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No Fair Fight Over FCRA Provision

We have an unusual legislative situation this year involving the Fair Credit Reporting Act. A provision of the FCRA pre-empting state laws expires at the end of the year, and the burden is on the industry to get the federal pre-emption extended.

As any legislative observer knows, it is easier to block a bill than to pass one. Typically, those seeking better privacy protections bear the burden. That’s what is different here. If nothing happens, privacy advocates and the states win. I can’t remember an equivalent situation.

The credit and banking industries want to extend the pre-emption, and they started an expensive media campaign. I was amazed to see ads in the Washington, DC, subway and to hear radio spots as well.

In my view, the industry media campaign is based in part on a deliberate distortion of the stakes in the battle. The campaign suggests that the entire FCRA needs to be renewed by Congress or all of its provisions will disappear. That isn’t true. A small provision of the law expires Jan. 1, 2004, but all of the law’s protections remain in place unchanged even if nothing happens.

I have heard from several confused reporters who talked with industry representatives. They thought the whole act had to be reauthorized. I explained that the FCRA is permanent legislation. All that expires is the provision preventing states from enacting laws with better protections for consumers. If the states don’t act, nothing changes. The real stakes are relatively small.

Has there been a misunderstanding by reporters? Perhaps, but I don’t think so. I am not the only person finding that reporters have been misled. The pattern is unmistakable, and the industry’s ads show that the lack of clarity is intentional. You are welcome to visit the industry coalition’s Web site and judge for yourself: www.protectconsumercredit.org.

Then there is an industry-sponsored paper written by four academics. It was published by the American Enterprise Institute-Brookings Joint Center for Regulatory Studies. The title is “Financial Privacy, Consumer Prosperity, and the Public Good: Maintaining the Balance.” You can find the paper at www.aei-brookings.org/wnew/index.php?menuid=2.

The paper is shockingly incompetent. It has typos. I found an incorrect citation. The paper describes key provisions of the FCRA, but it only represents the law as it passed originally in 1970, with no acknowledgment of later amendments. It keeps citing the views of privacy advocates, but doesn’t name them or cite to their publications. Nobody is perfect, but the paper looks like a slapdash job that no one reviewed with any care.

It also has substantive problems. Some are howlers. My favorite is the mention of the federal Health Insurance Portability and Accountability Act. The paper concludes from the title of the bill alone that the act “was designed to facilitate the portability of health information so that as individuals move, travel, and change jobs, their health information will follow seamlessly from institution to institution and from state to state.”

That is just plain wrong. The guts of HIPAA address health insurance, not health information. The health information provisions are designed to simplify healthcare administration by standardizing electronic transactions. Little, if anything, in the law promotes the seamless portability of health data for treatment. The law didn’t even make treatment records part of the standardized transactions.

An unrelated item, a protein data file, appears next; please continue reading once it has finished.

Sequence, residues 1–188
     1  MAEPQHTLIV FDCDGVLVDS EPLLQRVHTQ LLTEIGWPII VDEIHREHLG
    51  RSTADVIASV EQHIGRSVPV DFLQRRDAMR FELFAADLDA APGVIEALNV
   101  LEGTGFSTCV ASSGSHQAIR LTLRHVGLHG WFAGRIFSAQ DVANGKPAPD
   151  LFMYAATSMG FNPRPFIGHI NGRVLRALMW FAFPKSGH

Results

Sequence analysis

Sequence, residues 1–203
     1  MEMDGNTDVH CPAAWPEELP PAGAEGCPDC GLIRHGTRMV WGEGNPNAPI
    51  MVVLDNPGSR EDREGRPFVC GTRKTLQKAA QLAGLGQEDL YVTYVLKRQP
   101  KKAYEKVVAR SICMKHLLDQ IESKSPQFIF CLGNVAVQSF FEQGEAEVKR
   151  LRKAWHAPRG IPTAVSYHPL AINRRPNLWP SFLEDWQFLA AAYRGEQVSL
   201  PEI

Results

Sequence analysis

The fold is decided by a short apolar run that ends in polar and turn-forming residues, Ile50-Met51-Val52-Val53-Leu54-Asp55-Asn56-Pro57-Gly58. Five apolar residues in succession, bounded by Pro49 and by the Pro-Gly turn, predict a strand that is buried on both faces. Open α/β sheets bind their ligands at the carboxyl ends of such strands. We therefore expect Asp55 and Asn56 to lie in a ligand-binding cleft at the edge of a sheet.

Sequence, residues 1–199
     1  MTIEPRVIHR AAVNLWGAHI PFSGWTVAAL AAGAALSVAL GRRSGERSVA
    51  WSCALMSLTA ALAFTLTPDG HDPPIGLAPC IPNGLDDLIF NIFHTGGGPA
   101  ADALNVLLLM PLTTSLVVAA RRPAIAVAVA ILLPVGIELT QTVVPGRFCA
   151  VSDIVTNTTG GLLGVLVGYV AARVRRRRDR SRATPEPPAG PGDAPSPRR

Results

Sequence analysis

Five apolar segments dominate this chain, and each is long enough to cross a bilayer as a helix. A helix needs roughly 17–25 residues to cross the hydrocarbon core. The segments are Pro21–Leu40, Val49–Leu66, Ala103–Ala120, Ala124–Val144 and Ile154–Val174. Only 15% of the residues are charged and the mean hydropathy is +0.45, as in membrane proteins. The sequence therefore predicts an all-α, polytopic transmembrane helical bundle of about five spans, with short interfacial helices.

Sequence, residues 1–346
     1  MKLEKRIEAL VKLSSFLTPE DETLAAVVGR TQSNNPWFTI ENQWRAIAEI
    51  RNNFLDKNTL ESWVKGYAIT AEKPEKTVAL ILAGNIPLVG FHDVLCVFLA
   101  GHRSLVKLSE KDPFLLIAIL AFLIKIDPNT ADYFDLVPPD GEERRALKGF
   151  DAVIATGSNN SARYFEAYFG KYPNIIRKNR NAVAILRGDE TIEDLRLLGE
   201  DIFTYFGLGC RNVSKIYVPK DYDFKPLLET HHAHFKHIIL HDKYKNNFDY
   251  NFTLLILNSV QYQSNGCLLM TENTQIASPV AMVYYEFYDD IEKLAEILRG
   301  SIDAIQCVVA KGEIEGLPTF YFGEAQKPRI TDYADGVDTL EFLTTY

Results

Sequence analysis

Here’s the real killer. The paper argues for federal pre-emption and uniformity. But HIPAA expressly preserves state laws that provide greater protection for privacy. Congress enacted a law that takes the opposite stance as the authors, and the authors still cite the law as if it supports their case. The paper does not even acknowledge that Congress also allowed stronger state financial privacy laws in Gramm-Leach-Bliley.

The paper does offer a competent discussion of the benefits of the credit system. Of course, no one really disputes that.

The real issue is the effect of pre-emption. I find it amusing that industry and its academicians argue that pre-emption benefits consumers, when the groups that represent consumers argue otherwise. Who has more credibility as a representative of the interests of consumers? Consumers Union and U.S. Public Interest Research Group on the one hand, or the Chamber of Commerce and MBNA on the other?

The paper says in italic type: “All of the benefits of the U.S. consumer credit system depend on the existence of a single, national regulatory framework.” Well, we don’t have a single, national regulatory framework. California, Vermont and Massachusetts have some differing laws that were expressly preserved and not pre-empted by the FCRA. I haven’t noticed that the credit system has shriveled up as a result.

I have a challenge for the industry. If different rules in different states harm consumers, prove it. Show me how consumers in those three states have been hurt because their state laws depart from the federal scheme. Instead of academic blather, let’s have a real academic study. Relevant evidence would be persuasive.

It is perfectly fine for industry to argue for its interests. It has a case to make. But its arguments need to pass the laugh test, and so far, they don’t.

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